I suppose I am truly getting back into the swing of homeschooling. All summer I have been avoiding the thought of September and returning to the grind. I recently did all my book ordering, and as things arrived in the mail found myself getting excited (against my will!) at the thought of a new school year beginning. Today being the first day in a while I have had "nothing" to do, I sat down this afternoon and wrote my IHIPs for Rachel, Julia and Ben (!--the very first report I have had to write for Ben....) By the way, if you don't know, an IHIP is an Individualized Home Instruction Plan, and all it boils down to is a list of texts used for each subject.
Now all I have to do is plan some lessons! This year I am handing the math and science reins over to Matt in Rachel's case. I was finding that I didn't have enough time what with the other kids' schoolwork, plus all our activities and house stuff to do these subjects justice at Rachel's level. It's one thing to explain something like addition or multiplication when you're doing ten other things simultaneously, and quite another to explain concepts you have little or no memory of ever having learned yourself! So Matt will for the first time be a teacher of academic subjects in our family. He and Rachel will do biology and algebra together in the evenings while I remain blissfully ignorant of the whole thing.
I have decided to change my lesson planning to a weekly plan. In the past I have meticulously planned each day's work. So the girls literally opened their planners and Monday might say read chapter 7 in science, pages 200-235 in history and write essay #4, pages 113-116 in math, etc. etc. However, that got tough last year when I had 3 lesson plans to do--and Ben was only doing kindergarten level work. So I thought about it and decided it would be far easier to have a master lesson plan book, with everyone's work in the same place, and to have a plan so that the girls can decide how they want to do their work each week.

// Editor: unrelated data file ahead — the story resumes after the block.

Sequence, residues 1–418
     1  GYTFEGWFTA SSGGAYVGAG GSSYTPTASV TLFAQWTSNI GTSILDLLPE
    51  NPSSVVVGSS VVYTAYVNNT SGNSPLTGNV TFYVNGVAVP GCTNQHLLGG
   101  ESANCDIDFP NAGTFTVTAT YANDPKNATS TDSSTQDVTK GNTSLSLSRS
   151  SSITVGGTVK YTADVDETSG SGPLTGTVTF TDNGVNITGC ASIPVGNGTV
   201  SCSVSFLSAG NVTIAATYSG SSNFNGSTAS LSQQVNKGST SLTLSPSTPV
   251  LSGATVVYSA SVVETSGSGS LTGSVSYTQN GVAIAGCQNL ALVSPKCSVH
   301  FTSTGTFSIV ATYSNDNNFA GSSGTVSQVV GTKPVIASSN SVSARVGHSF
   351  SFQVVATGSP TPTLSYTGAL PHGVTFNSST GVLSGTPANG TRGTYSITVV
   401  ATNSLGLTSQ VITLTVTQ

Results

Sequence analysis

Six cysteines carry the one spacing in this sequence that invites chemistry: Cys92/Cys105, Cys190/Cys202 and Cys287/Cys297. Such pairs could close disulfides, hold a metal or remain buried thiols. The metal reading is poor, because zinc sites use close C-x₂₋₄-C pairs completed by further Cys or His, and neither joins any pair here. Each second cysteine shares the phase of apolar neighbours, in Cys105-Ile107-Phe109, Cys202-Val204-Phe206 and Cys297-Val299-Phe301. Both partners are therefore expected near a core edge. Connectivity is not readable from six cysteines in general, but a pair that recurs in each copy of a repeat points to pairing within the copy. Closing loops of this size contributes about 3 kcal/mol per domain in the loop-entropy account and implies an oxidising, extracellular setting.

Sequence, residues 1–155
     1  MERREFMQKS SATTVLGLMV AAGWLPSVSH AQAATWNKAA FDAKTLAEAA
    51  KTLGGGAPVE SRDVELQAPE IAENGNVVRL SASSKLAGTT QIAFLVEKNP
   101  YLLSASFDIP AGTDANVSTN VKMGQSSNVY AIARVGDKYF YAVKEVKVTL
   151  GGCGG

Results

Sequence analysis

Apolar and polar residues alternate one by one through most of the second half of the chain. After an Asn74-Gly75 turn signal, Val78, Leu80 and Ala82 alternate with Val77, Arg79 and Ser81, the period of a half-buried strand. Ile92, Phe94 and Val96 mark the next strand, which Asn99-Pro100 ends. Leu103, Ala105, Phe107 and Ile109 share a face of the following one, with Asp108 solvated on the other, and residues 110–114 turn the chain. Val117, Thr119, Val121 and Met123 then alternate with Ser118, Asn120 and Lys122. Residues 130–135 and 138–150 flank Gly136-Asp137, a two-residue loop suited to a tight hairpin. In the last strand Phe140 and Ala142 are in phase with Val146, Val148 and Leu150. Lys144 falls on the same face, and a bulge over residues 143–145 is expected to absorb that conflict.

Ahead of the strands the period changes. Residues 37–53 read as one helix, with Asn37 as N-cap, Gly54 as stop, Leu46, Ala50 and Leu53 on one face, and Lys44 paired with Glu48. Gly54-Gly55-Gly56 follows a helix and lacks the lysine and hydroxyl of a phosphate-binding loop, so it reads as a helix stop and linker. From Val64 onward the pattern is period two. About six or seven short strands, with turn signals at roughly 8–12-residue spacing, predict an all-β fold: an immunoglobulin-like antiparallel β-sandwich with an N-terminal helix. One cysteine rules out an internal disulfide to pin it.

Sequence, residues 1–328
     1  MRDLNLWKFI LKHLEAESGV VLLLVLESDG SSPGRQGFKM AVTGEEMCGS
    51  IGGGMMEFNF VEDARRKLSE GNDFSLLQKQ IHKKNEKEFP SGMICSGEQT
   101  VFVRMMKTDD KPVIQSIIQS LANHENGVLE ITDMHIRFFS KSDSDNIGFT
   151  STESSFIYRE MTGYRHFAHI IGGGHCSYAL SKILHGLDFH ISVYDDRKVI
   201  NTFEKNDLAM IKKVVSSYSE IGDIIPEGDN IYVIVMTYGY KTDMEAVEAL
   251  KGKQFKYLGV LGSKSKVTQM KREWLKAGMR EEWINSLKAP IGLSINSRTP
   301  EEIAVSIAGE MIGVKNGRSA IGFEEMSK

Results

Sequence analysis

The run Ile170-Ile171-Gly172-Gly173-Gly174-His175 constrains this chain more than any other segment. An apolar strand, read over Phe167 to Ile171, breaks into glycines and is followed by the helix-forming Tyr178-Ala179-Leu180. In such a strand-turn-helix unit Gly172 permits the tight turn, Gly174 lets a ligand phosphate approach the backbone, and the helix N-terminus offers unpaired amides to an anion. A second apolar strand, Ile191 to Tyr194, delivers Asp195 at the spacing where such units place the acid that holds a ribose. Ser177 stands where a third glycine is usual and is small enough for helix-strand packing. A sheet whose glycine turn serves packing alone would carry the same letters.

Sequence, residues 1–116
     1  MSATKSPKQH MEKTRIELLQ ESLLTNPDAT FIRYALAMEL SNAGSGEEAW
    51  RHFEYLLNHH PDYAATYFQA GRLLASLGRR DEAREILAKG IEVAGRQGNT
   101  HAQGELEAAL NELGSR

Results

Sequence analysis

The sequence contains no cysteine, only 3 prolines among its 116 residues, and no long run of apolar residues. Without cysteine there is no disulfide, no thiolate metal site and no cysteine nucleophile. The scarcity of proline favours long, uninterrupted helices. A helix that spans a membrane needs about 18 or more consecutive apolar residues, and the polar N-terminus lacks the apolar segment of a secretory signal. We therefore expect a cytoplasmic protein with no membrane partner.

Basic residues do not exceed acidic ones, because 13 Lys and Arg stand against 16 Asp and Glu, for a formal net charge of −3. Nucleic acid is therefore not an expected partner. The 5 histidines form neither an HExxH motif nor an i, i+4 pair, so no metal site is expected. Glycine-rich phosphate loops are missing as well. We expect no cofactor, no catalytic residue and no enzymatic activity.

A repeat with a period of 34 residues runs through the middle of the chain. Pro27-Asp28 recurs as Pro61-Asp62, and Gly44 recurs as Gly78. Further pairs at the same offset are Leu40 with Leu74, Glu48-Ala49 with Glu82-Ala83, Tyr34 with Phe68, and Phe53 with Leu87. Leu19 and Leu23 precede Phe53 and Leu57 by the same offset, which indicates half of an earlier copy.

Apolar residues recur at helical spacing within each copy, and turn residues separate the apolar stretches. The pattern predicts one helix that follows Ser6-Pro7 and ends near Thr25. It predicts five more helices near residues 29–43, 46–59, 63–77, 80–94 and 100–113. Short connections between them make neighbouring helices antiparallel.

For instance, Rachel may decide to do every subject daily. Julia might prefer to do all her math in one day, all her history on another day, all her language arts work another day, etc. I will decide what Ben does since he still needs too much direction. Anyway, this will give them some control over the way they work, which they always enjoy, and it will make planning easier for me because I can simply write a bulk of pages in a given subject rather than thinking about each day. I also won't need to think as hard about outside activities, because if we're busy one afternoon, they can just do the work another time and not worry about being behind.
And yes, before you think it, I know this could lead to getting really very behind--in a certain type of family. However, I have already thought about that and have decided that giving them some autonomy when it doesn't really matter will be a better lesson. They will learn very quickly what happens if their work doesn't get done--because they will not be allowed to use the computer, talk on the phone, watch tv or go outside to play before some amount of schoolwork is shown to me. Because we have fairly strict homeschooling laws in NY, I am very careful that I don't slack off--to the extent that we go in the opposite direction. Because my kids have always had this standard, I don't worry that they will see this new plan as a way to avoid their work.
However, I do have to say that although I'm getting excited about new books, lessons, and school supplies--I will miss summer dreadfully! Lazy mornings, swimming, playing outside, casual meals whenever we feel like it, late bedtimes. Going back to the old routine is just always a drag, no matter how much your kids like school. We only have 10 days left of summer vacation, and I plan to wring every bit of fun out of them!